Ever since the late 1800s, visual effects have been giving film and video the dazzling qualities they need to truly shine on the screen, and in today’s world, even off the screen. From stop-action to animatronics to CGI effects, the visual media industry has grown exponentially since it was first established.
The technology of today has allowed movie scenes to appear more realistic than ever, and has even reached the point at which creators can make digital humans in holographic form.
Facebook users write that cartoons have been in existence for many years, but they have continually grown more artistic and more realistic as new effects have become available. Just as a cartoon can appear on a screen, a cartoon can also appear as a projection or a hologram. In fact, cartoonish celebrities that perform in holographic form are not uncommon today. Some of the most well-known of them, such as vocaloid Hatsune Miku, exist in Japan. However, technology has also given creators the power to make much more realistic holograms that look rather accurately like human beings.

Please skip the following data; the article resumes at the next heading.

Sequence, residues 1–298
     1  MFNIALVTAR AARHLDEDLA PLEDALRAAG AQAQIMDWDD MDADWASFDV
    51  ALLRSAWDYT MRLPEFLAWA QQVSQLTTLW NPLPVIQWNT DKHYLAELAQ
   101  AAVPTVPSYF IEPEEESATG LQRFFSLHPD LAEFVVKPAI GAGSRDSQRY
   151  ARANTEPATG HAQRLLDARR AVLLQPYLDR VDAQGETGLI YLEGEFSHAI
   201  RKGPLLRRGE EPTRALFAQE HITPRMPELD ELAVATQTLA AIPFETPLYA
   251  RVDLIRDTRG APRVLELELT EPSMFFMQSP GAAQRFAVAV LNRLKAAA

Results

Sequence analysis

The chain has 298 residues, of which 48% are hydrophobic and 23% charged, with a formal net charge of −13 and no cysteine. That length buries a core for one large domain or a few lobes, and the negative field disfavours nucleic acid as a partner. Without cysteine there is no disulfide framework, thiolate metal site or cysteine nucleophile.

In 2012, chairman of Pulse Evolution Corporation John Textor took part in the process of recreating the image of Elvis Presley to perform in concert. Two years later in 2014, Textor also took part in recreating the illusion of Michael Jackson for the Billboard Music Awards. This became a well-remembered moment by many, as few had ever seen visual effects at such a magnitude. Although the performance was no more than a projection, that projection moved almost exactly like the King of Pop, himself.
Today, workers in the industry of visual media are finding ways to make special effects even more realistic and more successful. As films continue to be produced with increasingly impressive visual effects, creators also continue to search for other uses for digital humans. The possibilities extend far beyond music and acting, for there is no clear limit to what can be learned from science and technology.